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Être en train de : expressing ongoing actions in the past

Look at these examples:

Eve était en train d'écouter de la musique.
Eve was listening to music.

Tu étais en train de parler et Paul t'a interrompu.
You were speaking and Paul interrupted you.

Nous étions en train de dormir quand le téléphone sonna.
We were sleeping when the phone rang.

Note that in French, there is no equivalent tense for the English Continuous Past.

The Imperfect tense can be used for both Simple Past (je dormais souvent I slept often) and the Continuous Past (je dormais à cette heure-là I was sleeping at that time)

However, when you really want to emphasise the progression of the action, you can use the expression être en train de + infinitive (literally to be in the process of)

Note: the verb être is in the Imperfect tense to express the Continuous Past

Also see Être en train de : expressing ongoing actions in the present

Learn more about these related French grammar topics

Examples and resources

Nous étions en train de dormir quand le téléphone sonna.
We were sleeping when the phone rang.


Tu étais en train de parler et Paul t'a interrompu.
You were speaking and Paul interrupted you.


Eve était en train d'écouter de la musique.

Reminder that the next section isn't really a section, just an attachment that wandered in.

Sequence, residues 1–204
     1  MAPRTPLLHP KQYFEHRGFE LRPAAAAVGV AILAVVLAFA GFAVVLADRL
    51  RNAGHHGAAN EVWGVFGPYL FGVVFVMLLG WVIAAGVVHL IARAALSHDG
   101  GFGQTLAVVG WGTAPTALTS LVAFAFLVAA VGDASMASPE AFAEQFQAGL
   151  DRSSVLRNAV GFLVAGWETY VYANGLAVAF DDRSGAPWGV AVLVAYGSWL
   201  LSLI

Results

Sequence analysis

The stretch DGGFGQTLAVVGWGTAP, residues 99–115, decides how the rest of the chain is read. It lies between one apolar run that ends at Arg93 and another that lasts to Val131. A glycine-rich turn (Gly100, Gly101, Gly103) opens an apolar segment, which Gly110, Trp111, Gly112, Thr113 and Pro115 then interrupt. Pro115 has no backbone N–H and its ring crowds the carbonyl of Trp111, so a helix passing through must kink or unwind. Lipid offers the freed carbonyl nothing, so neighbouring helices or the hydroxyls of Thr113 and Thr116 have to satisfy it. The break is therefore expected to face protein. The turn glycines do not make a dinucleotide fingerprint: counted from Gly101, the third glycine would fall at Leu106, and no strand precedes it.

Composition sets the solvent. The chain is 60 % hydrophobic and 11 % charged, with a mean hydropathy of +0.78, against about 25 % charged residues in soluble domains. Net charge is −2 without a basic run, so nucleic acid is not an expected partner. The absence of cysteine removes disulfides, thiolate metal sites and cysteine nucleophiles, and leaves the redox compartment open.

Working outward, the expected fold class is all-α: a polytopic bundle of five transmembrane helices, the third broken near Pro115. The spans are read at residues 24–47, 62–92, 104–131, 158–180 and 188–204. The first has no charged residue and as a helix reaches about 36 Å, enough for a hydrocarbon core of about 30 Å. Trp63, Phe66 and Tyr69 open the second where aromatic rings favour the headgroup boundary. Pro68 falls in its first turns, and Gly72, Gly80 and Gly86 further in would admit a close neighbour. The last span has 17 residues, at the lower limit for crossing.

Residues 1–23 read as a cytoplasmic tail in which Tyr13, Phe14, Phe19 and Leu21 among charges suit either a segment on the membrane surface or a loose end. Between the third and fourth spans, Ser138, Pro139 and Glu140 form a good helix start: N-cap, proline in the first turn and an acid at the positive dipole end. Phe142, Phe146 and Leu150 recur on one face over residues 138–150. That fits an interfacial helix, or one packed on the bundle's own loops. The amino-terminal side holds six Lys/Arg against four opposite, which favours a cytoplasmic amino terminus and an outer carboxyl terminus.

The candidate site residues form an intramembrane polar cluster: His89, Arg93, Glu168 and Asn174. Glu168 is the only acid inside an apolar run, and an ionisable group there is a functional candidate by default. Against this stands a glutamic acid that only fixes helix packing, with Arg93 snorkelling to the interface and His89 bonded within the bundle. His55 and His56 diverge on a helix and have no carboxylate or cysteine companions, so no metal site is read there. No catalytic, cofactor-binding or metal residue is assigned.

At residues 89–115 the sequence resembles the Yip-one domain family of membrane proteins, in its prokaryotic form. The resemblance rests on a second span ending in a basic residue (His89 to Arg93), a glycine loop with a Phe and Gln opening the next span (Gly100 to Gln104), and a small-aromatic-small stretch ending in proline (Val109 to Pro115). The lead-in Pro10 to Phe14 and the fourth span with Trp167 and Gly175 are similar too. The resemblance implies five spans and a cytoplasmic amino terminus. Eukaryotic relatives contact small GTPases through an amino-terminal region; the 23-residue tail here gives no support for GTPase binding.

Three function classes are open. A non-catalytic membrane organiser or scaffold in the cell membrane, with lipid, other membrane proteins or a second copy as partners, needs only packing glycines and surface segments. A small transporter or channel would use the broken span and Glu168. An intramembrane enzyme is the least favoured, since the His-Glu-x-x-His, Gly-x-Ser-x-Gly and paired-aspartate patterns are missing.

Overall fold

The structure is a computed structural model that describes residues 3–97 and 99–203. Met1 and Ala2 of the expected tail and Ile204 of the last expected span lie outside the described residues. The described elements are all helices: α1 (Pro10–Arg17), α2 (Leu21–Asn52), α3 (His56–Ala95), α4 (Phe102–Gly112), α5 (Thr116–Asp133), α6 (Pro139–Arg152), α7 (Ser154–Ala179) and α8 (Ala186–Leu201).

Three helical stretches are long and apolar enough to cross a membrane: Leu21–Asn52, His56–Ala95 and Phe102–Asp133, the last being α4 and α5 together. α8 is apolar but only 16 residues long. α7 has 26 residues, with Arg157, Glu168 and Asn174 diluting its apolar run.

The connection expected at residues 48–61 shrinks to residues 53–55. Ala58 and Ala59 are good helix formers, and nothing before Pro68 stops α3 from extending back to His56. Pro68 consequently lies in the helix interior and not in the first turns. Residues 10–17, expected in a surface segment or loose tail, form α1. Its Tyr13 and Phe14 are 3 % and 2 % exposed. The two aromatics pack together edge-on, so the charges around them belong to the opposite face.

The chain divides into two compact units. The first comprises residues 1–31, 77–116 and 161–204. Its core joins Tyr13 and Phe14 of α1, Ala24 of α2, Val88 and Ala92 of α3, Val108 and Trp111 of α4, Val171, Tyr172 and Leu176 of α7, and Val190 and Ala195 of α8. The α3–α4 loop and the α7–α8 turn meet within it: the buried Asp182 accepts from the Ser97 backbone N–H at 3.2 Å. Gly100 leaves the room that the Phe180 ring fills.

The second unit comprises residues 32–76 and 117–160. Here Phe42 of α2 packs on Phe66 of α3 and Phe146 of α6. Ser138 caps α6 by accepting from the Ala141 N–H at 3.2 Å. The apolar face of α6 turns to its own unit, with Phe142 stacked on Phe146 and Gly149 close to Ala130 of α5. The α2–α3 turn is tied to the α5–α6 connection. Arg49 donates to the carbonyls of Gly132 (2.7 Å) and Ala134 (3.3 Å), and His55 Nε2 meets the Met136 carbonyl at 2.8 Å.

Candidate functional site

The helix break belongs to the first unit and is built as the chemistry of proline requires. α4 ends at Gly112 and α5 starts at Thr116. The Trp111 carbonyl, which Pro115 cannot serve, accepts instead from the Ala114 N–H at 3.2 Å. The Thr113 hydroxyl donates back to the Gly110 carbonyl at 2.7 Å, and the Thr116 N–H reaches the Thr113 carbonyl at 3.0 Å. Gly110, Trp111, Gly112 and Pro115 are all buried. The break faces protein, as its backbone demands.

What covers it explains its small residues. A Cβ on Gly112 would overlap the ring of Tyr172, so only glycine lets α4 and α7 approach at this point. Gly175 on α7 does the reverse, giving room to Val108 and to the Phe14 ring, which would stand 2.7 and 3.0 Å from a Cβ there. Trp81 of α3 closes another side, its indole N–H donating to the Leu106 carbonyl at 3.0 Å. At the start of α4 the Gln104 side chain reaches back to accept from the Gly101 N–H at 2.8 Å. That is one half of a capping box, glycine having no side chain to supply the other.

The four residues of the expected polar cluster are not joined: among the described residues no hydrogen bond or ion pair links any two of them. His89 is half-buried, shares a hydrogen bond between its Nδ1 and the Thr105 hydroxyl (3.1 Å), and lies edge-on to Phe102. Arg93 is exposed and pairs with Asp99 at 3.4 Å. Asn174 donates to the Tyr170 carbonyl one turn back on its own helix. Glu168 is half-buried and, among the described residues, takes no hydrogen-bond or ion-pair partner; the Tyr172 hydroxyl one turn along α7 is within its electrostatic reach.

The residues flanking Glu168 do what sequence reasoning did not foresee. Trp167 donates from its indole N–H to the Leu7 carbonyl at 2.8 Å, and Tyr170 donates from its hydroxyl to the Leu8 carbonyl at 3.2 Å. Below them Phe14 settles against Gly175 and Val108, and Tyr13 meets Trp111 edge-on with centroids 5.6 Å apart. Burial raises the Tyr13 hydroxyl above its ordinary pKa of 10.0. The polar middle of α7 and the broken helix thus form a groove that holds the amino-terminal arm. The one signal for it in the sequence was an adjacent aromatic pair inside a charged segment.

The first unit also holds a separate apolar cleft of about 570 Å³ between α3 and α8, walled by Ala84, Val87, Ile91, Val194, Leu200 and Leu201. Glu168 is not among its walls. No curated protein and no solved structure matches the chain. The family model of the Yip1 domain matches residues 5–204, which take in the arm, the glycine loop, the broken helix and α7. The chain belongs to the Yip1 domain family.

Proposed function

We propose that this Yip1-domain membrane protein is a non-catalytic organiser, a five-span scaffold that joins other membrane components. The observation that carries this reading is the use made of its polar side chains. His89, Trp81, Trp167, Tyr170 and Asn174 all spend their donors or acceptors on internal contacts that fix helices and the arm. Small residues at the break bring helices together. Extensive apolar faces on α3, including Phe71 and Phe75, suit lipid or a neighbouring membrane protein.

Eve was listening to music.


Vous étiez en train de fabriquer vos déguisements.
You were in the middle of making your costumes.


Q&A

Dragana

Kwiziq community member

12 February 2018

1 reply

Why Passé Simple for "le téléphone sonna"?

Chris

Kwiziq community member

12 February 2018

12/02/18

Why not, for a change. You use it in a literary register when expressing a completed action in the past. 



-- Chris

Melody

Kwiziq community member

19 January 2017

1 reply

imparfait vs. en train de

I echo Meghna's last question: The correct answer is ´J'ai frappé à la porte, mais tu étais en train de dormir.´. Could I say this as j'ai frappé ..... mais tu dormais?

Aurélie

Kwiziq language super star

10 February 2017

10/02/17

Bonjour Melody !

Yes, here L'Imparfait expresses an ongoing action in the past.
The expression "être en train de" simply emphasise the "ongoing-ness" of the process.

À bientôt !

Meghna

Kwiziq community member

23 December 2016

3 replies

Imparfait or ´êtait en train dé'

Hi, How does one decide whether to use Imparfait or être en train de when expressing a continuing activity in the past?

Aurélie

Kwiziq language super star

27 December 2016

27/12/16

Bonjour Meghna !

"être en train de" is a way to emphasise the fact of being in the process of doing something, a bit like "I was in the middle of ...", whereas l'Imparfait is closer to expressing "I was -ING".

I hope that's helpful!
Bonnes Fêtes et à bientôt !

Meghna

Kwiziq community member

29 December 2016

29/12/16

Thank you Aurélie. I am still struggling with the nuances- they are difficult to grasp.

In another question - ´What would be the best way to say "I knocked at the door, but you were sleeping."?´ - I see that imparfait usage was marked incorrect. En train de was expected. Seems to be contradicting that '...ING' is imparfait.
Maybe it you can provide the English statement for the example where imparfait would be correct?

Thank you for your patience

Meghna

Kwiziq community member

29 December 2016

29/12/16

Clarification on my query above - I had read the choices incorrectly.

The correct answer is ´J'ai frappé à la porte, mais tu étais en train de dormir.´. Could I say this as j'ai frappé ..... mais tu dormais?

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